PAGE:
How the fight against ‘poverty and squalidness’ created the welfare state

‘Bread for All’ engagingly traces the creation of the UK’s welfare state

The Woodberry Down Health Centre in Stoke Newington, London, opens for treatment. Woodberry Down was the first fully comprehensive health centre to be built under the National Health Service Act. Photograph: L Blandford/Getty Images

The Woodberry Down Health Centre in Stoke Newington, London, opens for treatment. Woodberry Down was the first fully comprehensive health centre to be built under the National Health Service Act. Photograph: L Blandford/Getty Images

Sat, Sep 16, 2017, 06:00

   
     

Book Title:
Bread for All, The Origins of the Welfare State

ISBN-13:
978-0241186688

Author:
Chris Renwick

Publisher:
Allen Lane

Guideline Price:
£20.00

The first substantive initiative to create a welfare state occurred in the first two decades of the 20th century, just before Irish independence. A minimum wage was introduced in 1909 for many industries and was applied to farm workers from 1920. In 1906 local authorities provided free school meals. Two years later a children’s charter was introduced providing extensive protection for children, and the old age pension arrived. Soon after unemployment assistance was made available.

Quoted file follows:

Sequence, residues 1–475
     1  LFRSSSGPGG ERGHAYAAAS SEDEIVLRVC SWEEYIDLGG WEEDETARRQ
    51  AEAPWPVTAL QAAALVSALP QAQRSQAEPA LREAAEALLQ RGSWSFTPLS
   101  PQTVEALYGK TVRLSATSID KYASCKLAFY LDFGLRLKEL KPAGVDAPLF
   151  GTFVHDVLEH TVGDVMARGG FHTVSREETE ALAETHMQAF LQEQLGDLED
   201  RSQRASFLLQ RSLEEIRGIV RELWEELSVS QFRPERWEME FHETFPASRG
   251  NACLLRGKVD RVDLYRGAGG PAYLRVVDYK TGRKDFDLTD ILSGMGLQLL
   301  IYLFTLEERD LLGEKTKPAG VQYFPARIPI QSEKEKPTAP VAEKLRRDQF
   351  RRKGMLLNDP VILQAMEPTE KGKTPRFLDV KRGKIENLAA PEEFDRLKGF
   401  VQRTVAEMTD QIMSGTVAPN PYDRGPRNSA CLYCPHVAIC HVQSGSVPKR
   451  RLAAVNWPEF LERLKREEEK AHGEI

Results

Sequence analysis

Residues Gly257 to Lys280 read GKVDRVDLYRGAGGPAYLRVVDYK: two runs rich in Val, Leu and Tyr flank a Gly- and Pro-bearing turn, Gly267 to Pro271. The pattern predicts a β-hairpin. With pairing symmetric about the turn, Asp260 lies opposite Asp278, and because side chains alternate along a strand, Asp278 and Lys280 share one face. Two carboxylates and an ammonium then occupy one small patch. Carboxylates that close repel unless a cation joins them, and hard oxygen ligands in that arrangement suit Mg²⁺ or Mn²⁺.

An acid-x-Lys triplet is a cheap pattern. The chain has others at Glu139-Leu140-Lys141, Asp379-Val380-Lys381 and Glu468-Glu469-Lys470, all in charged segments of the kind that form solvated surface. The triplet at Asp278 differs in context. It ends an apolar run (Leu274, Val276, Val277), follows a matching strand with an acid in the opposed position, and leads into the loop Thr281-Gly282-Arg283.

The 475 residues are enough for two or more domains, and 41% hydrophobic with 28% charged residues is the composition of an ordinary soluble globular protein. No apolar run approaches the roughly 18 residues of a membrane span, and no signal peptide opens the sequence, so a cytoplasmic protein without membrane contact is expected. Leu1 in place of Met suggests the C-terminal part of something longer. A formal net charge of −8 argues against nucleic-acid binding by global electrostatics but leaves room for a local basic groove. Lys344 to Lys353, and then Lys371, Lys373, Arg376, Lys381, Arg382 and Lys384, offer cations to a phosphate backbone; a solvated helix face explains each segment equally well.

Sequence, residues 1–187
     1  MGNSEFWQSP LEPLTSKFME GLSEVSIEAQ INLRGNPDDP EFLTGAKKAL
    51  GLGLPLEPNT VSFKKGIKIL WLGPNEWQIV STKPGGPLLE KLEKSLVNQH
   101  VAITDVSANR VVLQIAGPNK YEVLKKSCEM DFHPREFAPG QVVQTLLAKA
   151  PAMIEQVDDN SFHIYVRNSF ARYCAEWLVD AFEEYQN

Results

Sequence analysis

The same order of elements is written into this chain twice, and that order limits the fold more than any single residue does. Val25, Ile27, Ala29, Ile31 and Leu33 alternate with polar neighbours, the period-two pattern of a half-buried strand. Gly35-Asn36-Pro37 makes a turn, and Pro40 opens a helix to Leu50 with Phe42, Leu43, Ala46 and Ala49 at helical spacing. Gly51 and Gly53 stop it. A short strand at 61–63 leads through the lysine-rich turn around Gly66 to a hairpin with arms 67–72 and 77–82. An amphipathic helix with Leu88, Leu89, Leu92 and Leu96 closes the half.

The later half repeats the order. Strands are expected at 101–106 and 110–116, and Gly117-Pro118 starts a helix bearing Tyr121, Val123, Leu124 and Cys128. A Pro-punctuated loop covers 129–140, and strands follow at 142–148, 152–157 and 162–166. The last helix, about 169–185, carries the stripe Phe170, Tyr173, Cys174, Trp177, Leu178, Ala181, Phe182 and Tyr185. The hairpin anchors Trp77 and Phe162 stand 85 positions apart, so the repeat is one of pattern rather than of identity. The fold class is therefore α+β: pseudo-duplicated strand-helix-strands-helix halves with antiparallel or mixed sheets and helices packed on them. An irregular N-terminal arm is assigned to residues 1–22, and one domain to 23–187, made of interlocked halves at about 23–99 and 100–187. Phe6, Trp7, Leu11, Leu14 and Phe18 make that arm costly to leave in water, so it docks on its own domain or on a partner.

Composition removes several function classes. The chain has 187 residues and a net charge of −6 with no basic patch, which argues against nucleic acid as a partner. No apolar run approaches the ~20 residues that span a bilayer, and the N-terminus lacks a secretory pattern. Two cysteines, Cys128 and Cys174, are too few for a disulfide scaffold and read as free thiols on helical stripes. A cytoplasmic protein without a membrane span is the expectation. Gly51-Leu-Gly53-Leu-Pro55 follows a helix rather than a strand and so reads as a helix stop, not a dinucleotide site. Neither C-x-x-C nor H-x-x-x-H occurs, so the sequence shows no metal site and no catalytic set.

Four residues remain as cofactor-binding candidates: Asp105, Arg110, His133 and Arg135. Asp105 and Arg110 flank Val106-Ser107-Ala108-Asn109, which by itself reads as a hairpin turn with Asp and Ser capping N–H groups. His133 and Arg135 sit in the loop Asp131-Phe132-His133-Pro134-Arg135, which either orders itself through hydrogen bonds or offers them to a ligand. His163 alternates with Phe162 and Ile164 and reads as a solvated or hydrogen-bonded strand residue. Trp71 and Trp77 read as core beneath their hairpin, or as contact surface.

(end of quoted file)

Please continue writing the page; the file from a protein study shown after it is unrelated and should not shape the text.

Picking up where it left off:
On April 29th, 1909, the then chancellor of the exchequer, Lloyd George, unveiled to the House of Commons, in a four-hour speech, what he described as “a war budget…For raising money to wage implacable warfare against poverty and squalidness”.

Incidentally, the Irish Parliamentary Party, led by John Redmond, opposed that 1909 Lloyd George budget because it would impact adversely on the Irish drinks industry.